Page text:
My, how things can change in a day. Both for good, AND bad.
Parenthood is a rollercoaster. Yesterday I was laughing about my newfound love of MAFS, feeling confident at my combined 8 hours of sleep from mid-week (broken into 5 blocks of course), and I also totally smashed out the evening routine… after I fed baby boy and put him down, he lay there happily looking about, eyeing out his owl mobiles on the cot, while I did the dishes, unloaded the dishwasher, made some rice, and got almost all of dinner underway, as well as putting on washing and taking it in.
I was so pumped, I very nearly decided to walk to a cafe with him early morning, but alas it was near feeding time and you cannot delay a newborn’s meal time.
Alas, today, the complete opposite. Overnight was hard. So very hard. Combined awake time for 3 hours, and then after a very short nap, baby boy woke, extremely irritated, fussy, crying. Nothing seemed to appease him.
Perhaps the worst of it? My mental state. I had reached my limit. After 3 weeks of lacklustre sleep, I could barely keep my eyes open. The fatigue was debilitating, and I was struggling not just with that, but with the mental capacity to hold him, tend to him, keep him happy, work out what was wrong, etc.
Today when he wouldn’t stop crying as I tried to prepare my breakfast, I kinda lost the plot.
I had reached the end point. I couldn’t do it anymore.
I get emails from COPE, and have been since I was registered with the hospital where I had baby boy. They send information relating to your stage of the journey from pregnancy, all the way to the 4th trimester, post-partum with baby. It stands for Centre of Perinatal Excellence, and I have been enjoying the emails, taking refuge and insight into information that might be helpful to me.
Today though, the email topic was about self-care. I could’ve laughed if I didn’t have tears running down my cheek.
‘Surround yourself with a village, to help you achieve much needed self-care.’ Reading that sentiment, I never felt more alone.
Feeling physically isolated is one thing. But feeling the emotional isolation is a whole other damning ball-game. I don’t have the luxury of people stopping in, providing me with relief, support, a shoulder to cry on. Everyone is too far. everyone is too busy.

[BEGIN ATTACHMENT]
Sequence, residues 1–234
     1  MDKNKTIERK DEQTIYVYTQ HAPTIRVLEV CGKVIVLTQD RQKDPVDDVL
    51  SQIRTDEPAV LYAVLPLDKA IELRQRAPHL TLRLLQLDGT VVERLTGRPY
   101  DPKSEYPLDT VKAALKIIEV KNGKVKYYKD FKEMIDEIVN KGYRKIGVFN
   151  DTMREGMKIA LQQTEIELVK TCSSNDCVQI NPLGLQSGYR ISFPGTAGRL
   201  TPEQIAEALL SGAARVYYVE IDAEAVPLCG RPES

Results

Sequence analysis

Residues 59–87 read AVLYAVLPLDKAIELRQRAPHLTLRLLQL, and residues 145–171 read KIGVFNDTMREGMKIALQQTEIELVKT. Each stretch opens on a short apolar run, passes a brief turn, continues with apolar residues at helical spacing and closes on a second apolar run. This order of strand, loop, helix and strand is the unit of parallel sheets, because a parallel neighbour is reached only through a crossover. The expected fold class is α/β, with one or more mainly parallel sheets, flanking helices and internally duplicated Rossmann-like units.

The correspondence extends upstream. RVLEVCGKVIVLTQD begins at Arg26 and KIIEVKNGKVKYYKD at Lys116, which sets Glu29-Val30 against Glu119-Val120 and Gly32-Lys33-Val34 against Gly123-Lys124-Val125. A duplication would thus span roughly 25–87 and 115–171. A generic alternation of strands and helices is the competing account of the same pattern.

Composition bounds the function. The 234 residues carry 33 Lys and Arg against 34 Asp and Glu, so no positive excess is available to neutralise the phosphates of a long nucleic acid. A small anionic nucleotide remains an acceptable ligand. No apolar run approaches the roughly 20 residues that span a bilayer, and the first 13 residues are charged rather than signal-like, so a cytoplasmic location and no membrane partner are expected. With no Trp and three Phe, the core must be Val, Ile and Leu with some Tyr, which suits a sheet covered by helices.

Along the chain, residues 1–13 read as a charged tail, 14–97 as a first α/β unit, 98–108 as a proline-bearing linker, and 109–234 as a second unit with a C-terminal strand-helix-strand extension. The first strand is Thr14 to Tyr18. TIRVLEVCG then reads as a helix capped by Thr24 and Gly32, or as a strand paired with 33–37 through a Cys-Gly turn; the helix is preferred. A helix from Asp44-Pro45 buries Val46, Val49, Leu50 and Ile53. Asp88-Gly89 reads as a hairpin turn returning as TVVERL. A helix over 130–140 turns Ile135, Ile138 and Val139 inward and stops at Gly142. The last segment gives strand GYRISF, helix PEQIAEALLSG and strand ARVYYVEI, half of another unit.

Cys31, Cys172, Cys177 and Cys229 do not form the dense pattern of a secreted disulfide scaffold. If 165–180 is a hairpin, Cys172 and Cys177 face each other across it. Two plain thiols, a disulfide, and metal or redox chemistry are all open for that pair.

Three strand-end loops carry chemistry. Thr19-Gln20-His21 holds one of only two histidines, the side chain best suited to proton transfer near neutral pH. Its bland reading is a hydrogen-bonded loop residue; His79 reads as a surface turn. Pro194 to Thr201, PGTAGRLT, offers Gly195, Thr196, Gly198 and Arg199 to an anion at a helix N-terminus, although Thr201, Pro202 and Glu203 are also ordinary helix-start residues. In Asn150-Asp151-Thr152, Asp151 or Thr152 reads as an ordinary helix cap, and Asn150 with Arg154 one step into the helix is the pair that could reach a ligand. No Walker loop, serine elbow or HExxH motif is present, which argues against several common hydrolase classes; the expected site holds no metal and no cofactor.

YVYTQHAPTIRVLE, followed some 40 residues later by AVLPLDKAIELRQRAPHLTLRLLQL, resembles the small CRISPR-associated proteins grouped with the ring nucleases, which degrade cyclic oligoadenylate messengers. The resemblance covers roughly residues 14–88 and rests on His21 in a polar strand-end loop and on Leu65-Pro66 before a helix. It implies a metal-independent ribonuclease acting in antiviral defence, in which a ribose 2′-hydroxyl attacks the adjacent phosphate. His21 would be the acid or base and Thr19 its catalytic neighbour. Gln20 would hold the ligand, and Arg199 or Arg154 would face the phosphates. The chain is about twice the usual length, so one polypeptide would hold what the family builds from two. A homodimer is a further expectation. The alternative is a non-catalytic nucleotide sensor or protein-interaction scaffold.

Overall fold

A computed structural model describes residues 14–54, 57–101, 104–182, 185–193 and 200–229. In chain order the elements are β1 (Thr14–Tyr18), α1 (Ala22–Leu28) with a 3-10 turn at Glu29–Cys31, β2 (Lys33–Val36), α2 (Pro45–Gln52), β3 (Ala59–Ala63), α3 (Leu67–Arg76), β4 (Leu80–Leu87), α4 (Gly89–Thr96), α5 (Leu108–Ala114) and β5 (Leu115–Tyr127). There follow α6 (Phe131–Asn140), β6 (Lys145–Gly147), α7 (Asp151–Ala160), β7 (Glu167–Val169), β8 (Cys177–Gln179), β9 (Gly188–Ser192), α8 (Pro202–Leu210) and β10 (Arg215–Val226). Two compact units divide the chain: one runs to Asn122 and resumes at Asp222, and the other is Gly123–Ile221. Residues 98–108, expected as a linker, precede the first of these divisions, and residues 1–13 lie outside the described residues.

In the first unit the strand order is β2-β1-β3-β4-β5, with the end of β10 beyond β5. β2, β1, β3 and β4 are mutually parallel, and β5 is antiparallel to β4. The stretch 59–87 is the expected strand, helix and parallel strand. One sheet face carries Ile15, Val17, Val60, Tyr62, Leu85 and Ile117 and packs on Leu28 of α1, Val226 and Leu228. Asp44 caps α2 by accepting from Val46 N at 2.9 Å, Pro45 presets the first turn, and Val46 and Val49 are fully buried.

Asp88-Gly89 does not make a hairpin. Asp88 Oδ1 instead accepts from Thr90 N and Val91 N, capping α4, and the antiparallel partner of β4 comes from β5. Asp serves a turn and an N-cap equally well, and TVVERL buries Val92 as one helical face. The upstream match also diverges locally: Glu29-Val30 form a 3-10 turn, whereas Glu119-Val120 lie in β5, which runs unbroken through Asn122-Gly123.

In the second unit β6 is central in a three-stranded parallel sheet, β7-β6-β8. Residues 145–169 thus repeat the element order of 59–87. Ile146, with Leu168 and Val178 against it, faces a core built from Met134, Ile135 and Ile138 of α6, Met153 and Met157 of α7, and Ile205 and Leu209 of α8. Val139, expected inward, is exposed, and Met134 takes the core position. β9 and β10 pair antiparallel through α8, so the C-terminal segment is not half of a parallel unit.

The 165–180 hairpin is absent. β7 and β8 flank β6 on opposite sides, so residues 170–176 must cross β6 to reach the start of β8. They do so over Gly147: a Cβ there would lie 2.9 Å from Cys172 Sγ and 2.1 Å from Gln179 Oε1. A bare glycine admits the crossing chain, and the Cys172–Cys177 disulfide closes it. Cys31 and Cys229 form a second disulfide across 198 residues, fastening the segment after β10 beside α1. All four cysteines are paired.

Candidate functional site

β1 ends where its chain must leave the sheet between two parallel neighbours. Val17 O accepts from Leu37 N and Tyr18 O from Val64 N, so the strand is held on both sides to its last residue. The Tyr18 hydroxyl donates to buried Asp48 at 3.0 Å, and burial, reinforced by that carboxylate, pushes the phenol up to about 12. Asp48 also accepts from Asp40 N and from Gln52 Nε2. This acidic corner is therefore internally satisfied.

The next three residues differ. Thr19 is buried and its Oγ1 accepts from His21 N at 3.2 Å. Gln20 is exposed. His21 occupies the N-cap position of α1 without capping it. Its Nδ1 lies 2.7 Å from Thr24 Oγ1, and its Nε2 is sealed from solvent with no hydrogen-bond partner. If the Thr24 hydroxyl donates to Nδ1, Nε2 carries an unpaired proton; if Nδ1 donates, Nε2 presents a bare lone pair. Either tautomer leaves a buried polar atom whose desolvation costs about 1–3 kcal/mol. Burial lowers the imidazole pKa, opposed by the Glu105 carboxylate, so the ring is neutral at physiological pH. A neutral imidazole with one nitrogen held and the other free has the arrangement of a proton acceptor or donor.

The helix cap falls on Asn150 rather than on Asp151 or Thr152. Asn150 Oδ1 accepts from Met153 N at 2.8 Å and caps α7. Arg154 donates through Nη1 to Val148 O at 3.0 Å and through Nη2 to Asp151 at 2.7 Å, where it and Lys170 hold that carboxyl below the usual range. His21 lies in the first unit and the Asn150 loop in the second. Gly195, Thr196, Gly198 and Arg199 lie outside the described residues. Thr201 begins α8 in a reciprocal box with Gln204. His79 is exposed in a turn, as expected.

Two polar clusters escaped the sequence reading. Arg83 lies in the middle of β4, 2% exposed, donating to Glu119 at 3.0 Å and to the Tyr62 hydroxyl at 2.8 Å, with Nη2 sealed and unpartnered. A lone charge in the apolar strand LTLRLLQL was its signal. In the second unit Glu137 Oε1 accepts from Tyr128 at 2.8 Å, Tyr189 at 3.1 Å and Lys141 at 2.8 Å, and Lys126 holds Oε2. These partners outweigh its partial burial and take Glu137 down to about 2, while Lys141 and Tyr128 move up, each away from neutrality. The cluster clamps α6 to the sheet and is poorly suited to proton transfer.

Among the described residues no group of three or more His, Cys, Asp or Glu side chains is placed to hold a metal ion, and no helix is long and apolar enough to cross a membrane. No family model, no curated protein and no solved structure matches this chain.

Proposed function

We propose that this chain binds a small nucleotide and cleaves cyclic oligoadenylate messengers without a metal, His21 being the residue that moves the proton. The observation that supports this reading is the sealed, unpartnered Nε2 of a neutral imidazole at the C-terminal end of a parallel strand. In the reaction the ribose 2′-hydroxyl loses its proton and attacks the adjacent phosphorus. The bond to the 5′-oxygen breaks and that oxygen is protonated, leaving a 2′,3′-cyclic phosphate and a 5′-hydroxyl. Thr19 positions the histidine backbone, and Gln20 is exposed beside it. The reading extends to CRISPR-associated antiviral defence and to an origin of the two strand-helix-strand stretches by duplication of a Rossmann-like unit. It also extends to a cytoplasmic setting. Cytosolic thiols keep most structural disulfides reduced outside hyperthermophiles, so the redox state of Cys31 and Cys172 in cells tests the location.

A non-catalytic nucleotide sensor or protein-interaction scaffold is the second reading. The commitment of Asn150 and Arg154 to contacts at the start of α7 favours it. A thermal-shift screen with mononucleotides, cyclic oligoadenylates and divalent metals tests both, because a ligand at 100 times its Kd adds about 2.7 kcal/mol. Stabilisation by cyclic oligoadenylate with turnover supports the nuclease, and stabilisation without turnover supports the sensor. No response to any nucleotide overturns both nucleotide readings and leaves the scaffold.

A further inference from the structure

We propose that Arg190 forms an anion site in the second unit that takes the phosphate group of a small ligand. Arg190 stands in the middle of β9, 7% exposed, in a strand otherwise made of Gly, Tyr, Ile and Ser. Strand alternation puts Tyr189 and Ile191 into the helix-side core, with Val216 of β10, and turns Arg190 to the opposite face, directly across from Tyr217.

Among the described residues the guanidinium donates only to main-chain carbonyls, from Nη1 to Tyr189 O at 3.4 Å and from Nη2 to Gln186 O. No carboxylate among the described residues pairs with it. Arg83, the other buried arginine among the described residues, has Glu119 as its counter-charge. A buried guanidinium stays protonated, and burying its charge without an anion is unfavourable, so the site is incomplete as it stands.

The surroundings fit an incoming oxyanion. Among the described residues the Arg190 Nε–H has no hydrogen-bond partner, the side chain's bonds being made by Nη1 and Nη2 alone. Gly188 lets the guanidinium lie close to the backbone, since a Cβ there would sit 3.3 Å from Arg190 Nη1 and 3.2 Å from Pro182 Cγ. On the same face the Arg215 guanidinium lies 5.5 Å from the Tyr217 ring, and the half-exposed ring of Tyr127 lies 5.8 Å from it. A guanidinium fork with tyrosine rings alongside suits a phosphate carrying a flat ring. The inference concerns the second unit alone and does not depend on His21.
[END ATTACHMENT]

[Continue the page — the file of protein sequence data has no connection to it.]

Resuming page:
People think that the days surrounding coming home with baby are the most important. In many ways, people crowd you and are there all at once – then promptly leave you alone to your own devices.
Your mental thoughts, and your very, very tough, devices.
Don’t get me wrong. I have had much support from friends and family around me… via text. But my situation is damning in more ways than one. Because I can’t be bothered, I’m tired, I don’t know what to say… yet at the same time I need someone so bad, someone to puncture the monotony of the day, to make the helplessness go away.
The baby blues are a real thing. Could it be more? I’m not sure. My mood from starting this post to the end has already shifted, and so it goes that of course my hormones are still going a mile a minute, heading in one direction before promptly putting on the brakes and heading elsewhere.
Some people don’t know how easy they have it. One influencer I follow on social media who had her baby boy a month before I did, posted an honest account of how she looks so put-together so soon after giving birth… she said it’s only because she has dozens of family, friends, all kinds of people coming in and out of her house, helping her with the baby, helping her get by.
She has a village. Many, many people don’t.
I never felt so alone as I did after reading that. I had Hubbie for just over two weeks, but he needs to work. He had to go back to work this week. And I am left struggling and balancing the physical and mental load of caring for two children, one who is finding his way in the world, and then there’s me, who is struggling finding herself after wanting another child for so long.
The baby blues don’t discriminate. Depression doesn’t discriminate with what you wanted, who you were, where you are. your age, your hair colour, whether you write a gratitude blog or not.
The nights are long… and the days follow suit. Sunlight is there, but what use is it when you are cooped up all day in the house, tending to a crying, fussing baby?
I love my baby, so, so much. But three weeks of physical and mental exhaustion, and I am so, so tired.
So, where is the gratitude here? I’ve nearly survived a week. A week where Hubbie has been back at work. It has been incredibly hard. I try to remind myself that this time now is the hardest… maybe we will get relief at times… maybe things will regress, again.
The unknowingness has me rattled. Has me stressed.
I know I have made it this far. It’s just fucking hard. And to think, I prayed for this for so long.
Again, depression doesn’t discriminate.